More Than an Intersection

 More Than an Intersection

By: Megan Steiner, A Student at the University of Nebraska at Omaha, as part of Heather Nelson’s Service Learning Academy class.

Omaha is home to the College World Series, multiple colleges and universities, some of the best steaks around, lively farmers markets, and of course, its “Nebraska Nice” people. And while we all might be familiar with the above, there is still a lot to learn about the city, such as its rich African American history. In this piece, I will be talking about the 24th & Lake Historic District, an intersection that one could argue started it all. The following information about the 24th & Lake Historic District is from Adam Fletcher’s website, North Omaha History in his article, “A History of the 24th and Lake Historic District in North Omaha.” 

The city of Omaha was started in 1854. “Saunders Street,” named after Nebraska Territory Governor Alvin Saunders, started showing up on maps in 1872. It was then a Douglas County judge named George Lake named the street extending from his property after himself, calling it “Lake Street”. The intersection had a humble beginning being home to a grocery store and a few small businesses. In the 1880’s, eastern European immigrants moved into the area and established communities close to the intersection. They opened businesses, built synagogues and homes. 

By 1886, the once small intersection was booming with new stores and services, multiple grocery stores, cafes, taverns, and more. By 1910, the intersection started reflecting the growing presence of African Americans in the community. An increasing number of African Americans owned and operated businesses in the intersection, such as grocers, blacksmiths, and taverns. It was even considered “the heart of the Black Belt” in Omaha by the time of the 1919 Will Brown riot.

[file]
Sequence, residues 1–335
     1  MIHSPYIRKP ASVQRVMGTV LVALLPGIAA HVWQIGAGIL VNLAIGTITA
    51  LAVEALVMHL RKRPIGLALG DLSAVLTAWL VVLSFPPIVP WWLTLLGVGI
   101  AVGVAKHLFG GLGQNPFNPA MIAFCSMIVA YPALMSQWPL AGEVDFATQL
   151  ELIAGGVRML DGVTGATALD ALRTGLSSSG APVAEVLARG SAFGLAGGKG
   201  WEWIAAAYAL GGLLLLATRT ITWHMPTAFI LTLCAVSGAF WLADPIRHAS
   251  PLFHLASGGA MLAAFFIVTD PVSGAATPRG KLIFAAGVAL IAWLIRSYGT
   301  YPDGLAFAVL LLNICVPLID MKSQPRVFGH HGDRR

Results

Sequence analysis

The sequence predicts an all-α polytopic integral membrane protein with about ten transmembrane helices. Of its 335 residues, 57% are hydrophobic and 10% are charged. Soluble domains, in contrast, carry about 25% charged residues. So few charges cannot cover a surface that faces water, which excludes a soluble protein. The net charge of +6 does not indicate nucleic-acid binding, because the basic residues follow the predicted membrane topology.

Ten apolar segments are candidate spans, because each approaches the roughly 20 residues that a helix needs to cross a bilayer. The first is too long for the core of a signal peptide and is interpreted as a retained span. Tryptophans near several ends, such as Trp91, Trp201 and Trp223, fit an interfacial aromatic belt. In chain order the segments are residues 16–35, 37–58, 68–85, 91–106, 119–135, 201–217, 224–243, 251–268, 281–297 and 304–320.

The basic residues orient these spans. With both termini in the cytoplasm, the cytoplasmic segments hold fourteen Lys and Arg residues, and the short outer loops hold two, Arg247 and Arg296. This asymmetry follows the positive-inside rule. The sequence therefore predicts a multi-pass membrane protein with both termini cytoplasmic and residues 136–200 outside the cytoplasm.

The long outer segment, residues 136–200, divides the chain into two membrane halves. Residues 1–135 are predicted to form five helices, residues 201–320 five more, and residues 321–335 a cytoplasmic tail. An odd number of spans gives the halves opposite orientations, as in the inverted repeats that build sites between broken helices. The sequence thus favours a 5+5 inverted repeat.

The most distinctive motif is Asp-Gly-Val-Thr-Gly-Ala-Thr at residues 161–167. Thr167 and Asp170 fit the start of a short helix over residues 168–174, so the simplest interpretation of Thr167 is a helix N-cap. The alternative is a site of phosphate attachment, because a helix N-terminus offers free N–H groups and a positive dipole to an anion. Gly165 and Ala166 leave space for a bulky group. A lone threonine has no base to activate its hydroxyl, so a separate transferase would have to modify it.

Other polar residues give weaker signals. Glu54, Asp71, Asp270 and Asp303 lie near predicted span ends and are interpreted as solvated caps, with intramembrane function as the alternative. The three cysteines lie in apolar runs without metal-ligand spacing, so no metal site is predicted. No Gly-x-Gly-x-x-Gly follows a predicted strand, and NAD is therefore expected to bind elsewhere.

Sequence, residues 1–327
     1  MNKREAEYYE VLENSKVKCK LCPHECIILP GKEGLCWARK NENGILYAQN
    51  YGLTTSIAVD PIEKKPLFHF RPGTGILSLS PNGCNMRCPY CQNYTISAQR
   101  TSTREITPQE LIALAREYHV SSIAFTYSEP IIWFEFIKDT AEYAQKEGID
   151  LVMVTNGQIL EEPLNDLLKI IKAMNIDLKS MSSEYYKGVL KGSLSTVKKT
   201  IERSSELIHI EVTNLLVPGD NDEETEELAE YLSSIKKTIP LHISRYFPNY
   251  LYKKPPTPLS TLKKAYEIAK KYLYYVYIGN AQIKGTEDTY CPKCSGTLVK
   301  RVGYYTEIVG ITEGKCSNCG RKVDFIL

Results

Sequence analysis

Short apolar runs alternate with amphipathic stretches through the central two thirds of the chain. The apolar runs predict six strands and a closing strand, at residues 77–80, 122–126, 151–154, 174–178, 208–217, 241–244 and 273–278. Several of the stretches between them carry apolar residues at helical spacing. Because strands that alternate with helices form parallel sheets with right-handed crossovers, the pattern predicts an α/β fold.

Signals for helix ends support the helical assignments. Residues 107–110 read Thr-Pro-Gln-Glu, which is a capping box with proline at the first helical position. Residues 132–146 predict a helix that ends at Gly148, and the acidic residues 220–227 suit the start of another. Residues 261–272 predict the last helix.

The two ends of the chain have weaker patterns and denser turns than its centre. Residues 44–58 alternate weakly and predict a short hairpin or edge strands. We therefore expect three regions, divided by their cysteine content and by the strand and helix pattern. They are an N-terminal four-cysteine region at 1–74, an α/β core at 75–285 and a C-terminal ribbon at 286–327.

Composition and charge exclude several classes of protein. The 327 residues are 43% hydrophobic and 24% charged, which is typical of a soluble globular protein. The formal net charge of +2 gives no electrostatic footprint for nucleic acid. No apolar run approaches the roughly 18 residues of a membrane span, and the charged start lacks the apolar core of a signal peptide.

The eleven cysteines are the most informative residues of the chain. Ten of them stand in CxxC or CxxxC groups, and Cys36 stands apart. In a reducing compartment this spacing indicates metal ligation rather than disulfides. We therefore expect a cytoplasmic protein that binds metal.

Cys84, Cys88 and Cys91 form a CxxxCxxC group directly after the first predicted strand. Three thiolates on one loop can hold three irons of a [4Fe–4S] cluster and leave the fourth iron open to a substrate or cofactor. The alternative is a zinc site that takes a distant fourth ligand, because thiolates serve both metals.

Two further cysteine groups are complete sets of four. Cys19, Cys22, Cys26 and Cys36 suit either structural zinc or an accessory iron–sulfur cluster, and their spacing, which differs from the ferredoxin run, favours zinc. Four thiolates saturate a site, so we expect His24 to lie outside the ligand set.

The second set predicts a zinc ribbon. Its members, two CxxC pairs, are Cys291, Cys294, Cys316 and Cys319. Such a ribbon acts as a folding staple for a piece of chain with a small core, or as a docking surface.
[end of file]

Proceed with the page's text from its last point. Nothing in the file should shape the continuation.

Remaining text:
The corner of Saunders, now 24th Street, and Lake Street became the most popular jazz destination in Omaha in the late 1910’s. Theaters, social halls, and other performance spaces were opened around the intersection which gave opportunity to entrepreneurs like Jim Bell, who started Club Harlem, and James Jewell, who started the Dreamland Ballroom

In the 1950’s – 1960’s, the area of 24th & Lake streets suffered greatly from white flight. This was due to the improvements African Americans gained from the Civil Rights Movement, such as desegregated businesses and an end to redlining. The intersection experienced thinning shopping crowds and many closed businesses by the mid-1960’s and the next three years brought the looting and burning of many buildings. This changed the face of North Omaha completely.The intersection, after facing 20 years of half-executed renovation programs, finally caught a break in 2016. The National Register of Historic Places recognized the intersection of 24th & Lake Streets for its important role in Omaha history and added 38 buildings in the area to their new listing. This holds a new hope for the intersection and for regrowing North Omaha. One can only imagine the stories of the people who started businesses on this intersection, who stood there among leaders, or who performed there during its jazz period. The 24th and Lake intersection has proven itself to be more than a place to neglect or ignore. It is and was a memorable and important part of North Omaha’s history and should be treated as such.